All adverse events808 (78.8)798 (77.9)0.621
 Pre-specified adverse events
  Cough165 (16.1)31 (3.0)0.001
  Dizziness154 (15.0)172 (16.8)0.273
  Anaemia27 (2.6)7 (0.7)0.001
  Hyperkalaemia10 (1.0)14 (1.4)0.410
  Pneumonia24 (2.3)25 (2.4)0.886
  Liver dysfunction40 (3.9)51 (5.0)0.236
Study drug discontinuations for adverse events125 (12.2)58 (5.7)0.001
  • Fisher’s exact probability method.


In patients with angiographically documented CAD and hypertension who are receiving current standard therapy, although no significant reduction was seen in events for the primary outcome, candesartan was significantly better tolerated, with fewer discontinuations due to drug-related adverse events. Furthermore, candesartan significantly reduced the incidence of new-onset diabetes in comparison with controls.

Previous studies have confirmed clear benefits of ACE-Is in patients with stable CAD.7,21 On the other hand, the effects of ARBs in patients with stable CAD remain to be determined under contemporary management, including high prevalence of coronary revascularizations. In ONTARGET, a recent randomized trial,12,13 the investigators provided evidence to physicians that the ARB telmisartan is equivalent to ramipril in high-risk patients with vascular disease. The present HIJ-CREATE was not a direct head-to-head comparison of an ACE-I and an ARB, but was the first trial to examine whether candesartan treatment would be more effective than non-ARB-based standard pharmacotherapy in reducing cardiovascular events in hypertensive patients with angiographically documented CAD. Our results provide evidence to cardiologists of the value of broader use of ARB-based strategies for CAD patients at risk of developing diabetes and/or chronic kidney disease. Since patients in the present study were treated sufficiently with revascularization and optimal pharmacotherapy, rates of adverse events were lower in the present study than in previous studies. Candesartan did not show any significant difference in MACE in favour of non-ARB treatment group, but did significantly reduce the incidence of new-onset diabetes in comparison with non-ARB treatment and was also better tolerated.

In terms of practical management, high-risk CAD patients with hypertension often require combination therapy from the early stages, and administration of a single antihypertensive agent is unlikely.2224 Patients at very high risk of subsequent cardiovascular events, such as HIJ-CREATE participants, deserve access to all available treatment strategies, including blockade of the renin–angiotensin system as used in the control group. This requirement for administration of the best available pharmacotherapy is only possible in a society in which all individuals have health insurance and thus equal access to the same medications and the same level of care in medical institutions. We recognize that several controversies remain with regard to this issue.11 Other large-scale trials of antihypertensive agents in CAD patients with hypertension have been completed since our study began, but whether the apparent benefits of certain classes of antihypertensive agents are class-specific or merely reflect the impact of blood pressure reduction has not been determined.25 Achieving equivalent blood pressure levels when adhering to a strict treatment protocol appears difficult using specific agents alone. Accordingly, HIJ-CREATE was pragmatic, but had methodological limitations in comparing individual antihypertensive agents.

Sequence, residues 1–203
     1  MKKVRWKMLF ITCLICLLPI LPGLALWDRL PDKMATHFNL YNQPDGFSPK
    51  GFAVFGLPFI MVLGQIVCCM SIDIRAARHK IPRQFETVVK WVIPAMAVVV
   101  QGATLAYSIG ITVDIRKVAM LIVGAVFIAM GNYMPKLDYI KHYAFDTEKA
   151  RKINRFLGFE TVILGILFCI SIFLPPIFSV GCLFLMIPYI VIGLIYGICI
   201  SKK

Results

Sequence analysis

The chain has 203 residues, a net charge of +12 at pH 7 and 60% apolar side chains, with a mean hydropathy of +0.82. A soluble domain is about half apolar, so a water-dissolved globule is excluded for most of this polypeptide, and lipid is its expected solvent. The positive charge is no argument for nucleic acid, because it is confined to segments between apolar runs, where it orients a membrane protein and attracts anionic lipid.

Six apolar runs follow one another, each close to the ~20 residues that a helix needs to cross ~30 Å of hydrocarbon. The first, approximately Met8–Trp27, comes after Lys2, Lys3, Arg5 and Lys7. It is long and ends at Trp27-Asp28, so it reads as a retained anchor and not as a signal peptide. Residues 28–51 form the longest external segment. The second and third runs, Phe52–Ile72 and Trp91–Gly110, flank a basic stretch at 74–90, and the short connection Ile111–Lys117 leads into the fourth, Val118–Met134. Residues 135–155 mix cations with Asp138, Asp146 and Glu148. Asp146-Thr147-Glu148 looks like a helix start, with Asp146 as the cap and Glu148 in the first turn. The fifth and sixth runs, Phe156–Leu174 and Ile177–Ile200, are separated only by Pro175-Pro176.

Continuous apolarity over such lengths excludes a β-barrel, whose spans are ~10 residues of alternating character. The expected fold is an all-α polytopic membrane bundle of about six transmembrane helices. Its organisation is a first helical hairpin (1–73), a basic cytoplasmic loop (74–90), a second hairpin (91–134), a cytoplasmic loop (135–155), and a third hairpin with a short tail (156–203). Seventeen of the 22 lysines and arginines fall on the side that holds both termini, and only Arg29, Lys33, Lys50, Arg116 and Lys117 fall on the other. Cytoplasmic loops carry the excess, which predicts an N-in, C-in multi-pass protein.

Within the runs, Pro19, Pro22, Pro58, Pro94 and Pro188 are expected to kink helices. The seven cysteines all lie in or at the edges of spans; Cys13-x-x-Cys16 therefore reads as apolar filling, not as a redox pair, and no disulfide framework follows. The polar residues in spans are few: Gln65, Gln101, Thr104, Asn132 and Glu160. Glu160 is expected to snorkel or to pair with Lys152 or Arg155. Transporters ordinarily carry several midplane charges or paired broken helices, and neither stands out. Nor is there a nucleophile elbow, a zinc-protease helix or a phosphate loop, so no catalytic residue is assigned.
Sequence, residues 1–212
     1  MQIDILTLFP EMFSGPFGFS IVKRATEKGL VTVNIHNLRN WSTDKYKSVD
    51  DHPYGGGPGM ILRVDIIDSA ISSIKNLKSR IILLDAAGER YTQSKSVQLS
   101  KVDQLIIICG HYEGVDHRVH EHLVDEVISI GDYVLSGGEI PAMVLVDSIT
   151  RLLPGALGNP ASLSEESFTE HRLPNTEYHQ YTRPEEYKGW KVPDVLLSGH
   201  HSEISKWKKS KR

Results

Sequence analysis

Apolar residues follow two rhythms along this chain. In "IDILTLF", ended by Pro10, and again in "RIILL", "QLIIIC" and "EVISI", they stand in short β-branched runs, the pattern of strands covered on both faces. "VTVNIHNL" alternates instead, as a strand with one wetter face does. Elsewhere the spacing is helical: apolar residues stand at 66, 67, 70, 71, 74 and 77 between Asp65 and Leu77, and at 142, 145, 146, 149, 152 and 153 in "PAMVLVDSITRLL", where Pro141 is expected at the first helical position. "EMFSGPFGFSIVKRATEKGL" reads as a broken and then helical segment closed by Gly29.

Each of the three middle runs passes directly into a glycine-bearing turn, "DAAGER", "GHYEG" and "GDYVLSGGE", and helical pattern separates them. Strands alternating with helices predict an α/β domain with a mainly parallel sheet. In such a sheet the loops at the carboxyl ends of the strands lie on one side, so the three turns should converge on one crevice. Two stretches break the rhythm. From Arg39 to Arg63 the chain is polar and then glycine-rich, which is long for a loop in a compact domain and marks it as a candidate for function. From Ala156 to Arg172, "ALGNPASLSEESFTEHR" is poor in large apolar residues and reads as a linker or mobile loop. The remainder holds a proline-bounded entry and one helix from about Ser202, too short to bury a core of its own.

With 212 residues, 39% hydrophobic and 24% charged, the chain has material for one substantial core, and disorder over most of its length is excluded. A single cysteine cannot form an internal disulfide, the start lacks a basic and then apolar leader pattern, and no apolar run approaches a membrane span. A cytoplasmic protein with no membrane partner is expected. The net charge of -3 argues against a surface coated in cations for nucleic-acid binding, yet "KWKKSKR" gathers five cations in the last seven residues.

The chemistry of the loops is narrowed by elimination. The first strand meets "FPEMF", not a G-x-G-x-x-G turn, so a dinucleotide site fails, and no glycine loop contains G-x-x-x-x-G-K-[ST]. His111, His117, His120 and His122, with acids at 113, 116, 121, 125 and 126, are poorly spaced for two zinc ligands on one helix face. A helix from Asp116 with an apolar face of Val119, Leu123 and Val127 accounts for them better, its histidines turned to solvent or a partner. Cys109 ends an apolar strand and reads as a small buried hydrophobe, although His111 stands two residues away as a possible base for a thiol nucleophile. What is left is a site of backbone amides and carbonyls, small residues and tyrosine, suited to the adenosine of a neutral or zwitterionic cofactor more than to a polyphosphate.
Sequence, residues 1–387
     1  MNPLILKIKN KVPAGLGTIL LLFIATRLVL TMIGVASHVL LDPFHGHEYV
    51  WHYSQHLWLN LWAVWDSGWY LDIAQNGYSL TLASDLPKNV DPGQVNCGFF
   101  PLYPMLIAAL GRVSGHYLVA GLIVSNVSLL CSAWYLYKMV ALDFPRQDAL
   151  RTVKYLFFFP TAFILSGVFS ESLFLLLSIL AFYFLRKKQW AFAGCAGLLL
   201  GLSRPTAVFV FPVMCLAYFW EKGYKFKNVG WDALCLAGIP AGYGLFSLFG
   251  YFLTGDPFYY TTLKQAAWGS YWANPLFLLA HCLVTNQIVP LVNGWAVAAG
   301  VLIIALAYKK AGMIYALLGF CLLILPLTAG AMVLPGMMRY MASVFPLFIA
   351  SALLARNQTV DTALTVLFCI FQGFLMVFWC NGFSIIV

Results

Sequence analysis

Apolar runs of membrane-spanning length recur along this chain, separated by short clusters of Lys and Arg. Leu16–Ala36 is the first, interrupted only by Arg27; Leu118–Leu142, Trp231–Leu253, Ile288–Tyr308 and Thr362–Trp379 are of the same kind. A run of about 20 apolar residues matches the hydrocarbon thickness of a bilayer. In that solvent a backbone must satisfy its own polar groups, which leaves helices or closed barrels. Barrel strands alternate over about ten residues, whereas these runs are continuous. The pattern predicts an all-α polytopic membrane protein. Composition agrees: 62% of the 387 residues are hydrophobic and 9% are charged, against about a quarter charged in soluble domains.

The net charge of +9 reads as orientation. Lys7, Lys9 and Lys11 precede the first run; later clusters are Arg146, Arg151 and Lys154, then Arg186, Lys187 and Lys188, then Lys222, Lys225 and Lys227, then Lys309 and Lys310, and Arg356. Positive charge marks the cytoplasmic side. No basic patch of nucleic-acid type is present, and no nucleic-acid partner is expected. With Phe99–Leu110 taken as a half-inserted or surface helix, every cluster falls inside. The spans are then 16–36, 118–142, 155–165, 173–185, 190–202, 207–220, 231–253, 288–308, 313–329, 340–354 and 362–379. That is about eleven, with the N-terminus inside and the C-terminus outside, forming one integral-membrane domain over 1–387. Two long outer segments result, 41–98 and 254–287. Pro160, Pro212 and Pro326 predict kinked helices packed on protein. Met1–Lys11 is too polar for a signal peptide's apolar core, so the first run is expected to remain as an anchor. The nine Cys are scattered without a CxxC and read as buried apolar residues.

The social health insurance system gives Japanese patients comprehensive coverage of hospital fees,26 but provides precise instruction as to therapeutic modalities, including the amounts of medications. For example, the maximum therapeutic dose of candesartan is 12 mg/day. As a result, 73.9% of patients in the candesartan arm of the present study received a maintenance dose <8 mg/day, lower than previously reported.27,28 Further investigations of optimal dosing strategies for candesartan are needed to reduce subsequent cardiovascular events in patients with CAD and hypertension.

Long-term clinical trials of antihypertensive agents have shown significant differences in the rates of new-onset diabetes between treatment groups.29 A recent meta-analysis showed that ARB and ACE-Is are the antihypertensive agents least associated with incident diabetes, followed by calcium-channel blockers, β-blockers, and diuretics.30 Although small numbers of affected patients and relatively short follow-up periods limit the power of existing studies to detect an increased risk of cardiovascular events in patients with new-onset diabetes, as in the present study, longer follow-up might identify associations with increased frequency of cardiovascular events.

Study strengths and limitations

Previous randomized, controlled trials have applied strict criteria to avoid heterogeneities of treatment effects.31 As patients eligible for enrolment had to be hospitalized in our trial, HIJ-CREATE appears to involve the most severely affected CAD population compared with previous studies that assessed the effects of antihypertensive agents in CAD patients with hypertension. Conversely, the relatively broad eligibility criteria could lead to the necessity for evaluation of interactions and combined effects of agents in detailed analyses, including post hoc-exploratory attitudes.